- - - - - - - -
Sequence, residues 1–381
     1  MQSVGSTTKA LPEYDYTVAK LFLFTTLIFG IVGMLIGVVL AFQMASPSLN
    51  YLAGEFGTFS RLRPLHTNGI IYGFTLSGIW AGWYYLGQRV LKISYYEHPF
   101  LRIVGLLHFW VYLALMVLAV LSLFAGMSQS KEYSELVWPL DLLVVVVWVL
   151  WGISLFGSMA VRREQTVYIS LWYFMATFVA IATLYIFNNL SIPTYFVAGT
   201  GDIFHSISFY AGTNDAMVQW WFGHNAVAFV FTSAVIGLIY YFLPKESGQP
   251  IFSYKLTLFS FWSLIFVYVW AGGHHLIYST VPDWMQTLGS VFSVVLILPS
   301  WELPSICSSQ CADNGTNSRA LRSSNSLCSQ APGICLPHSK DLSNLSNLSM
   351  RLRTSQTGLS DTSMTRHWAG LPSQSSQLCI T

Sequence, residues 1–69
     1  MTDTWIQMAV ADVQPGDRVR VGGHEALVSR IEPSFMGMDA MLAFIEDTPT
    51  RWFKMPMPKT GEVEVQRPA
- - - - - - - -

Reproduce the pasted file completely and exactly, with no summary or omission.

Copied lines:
Sequence, residues 1–381
     1  MQSVGSTTKA LPEYDYTVAK LFLFTTLIFG IVGMLIGVVL AFQMASPSLN
    51  YLAGEFGTFS RLRPLHTNGI IYGFTLSGIW AGWYYLGQRV LKISYYEHPF
   101  LRIVGLLHFW VYLALMVLAV LSLFAGMSQS KEYSELVWPL DLLVVVVWVL
   151  WGISLFGSMA VRREQTVYIS LWYFMATFVA IATLYIFNNL SIPTYFVAGT
   201  GDIFHSISFY AGTNDAMVQW WFGHNAVAFV FTSAVIGLIY YFLPKESGQP
   251  IFSYKLTLFS FWSLIFVYVW AGGHHLIYST VPDWMQTLGS VFSVVLILPS
   301  WELPSICSSQ CADNGTNSRA LRSSNSLCSQ APGICLPHSK DLSNLSNLSM
   351  RLRTSQTGLS DTSMTRHWAG LPSQSSQLCI T

Sequence, residues 1–69
     1  MTDTWIQMAV ADVQPGDRVR VGGHEALVSR IEPSFMGMDA MLAFIEDTPT
    51  RWFKMPMPKT GEVEVQRPA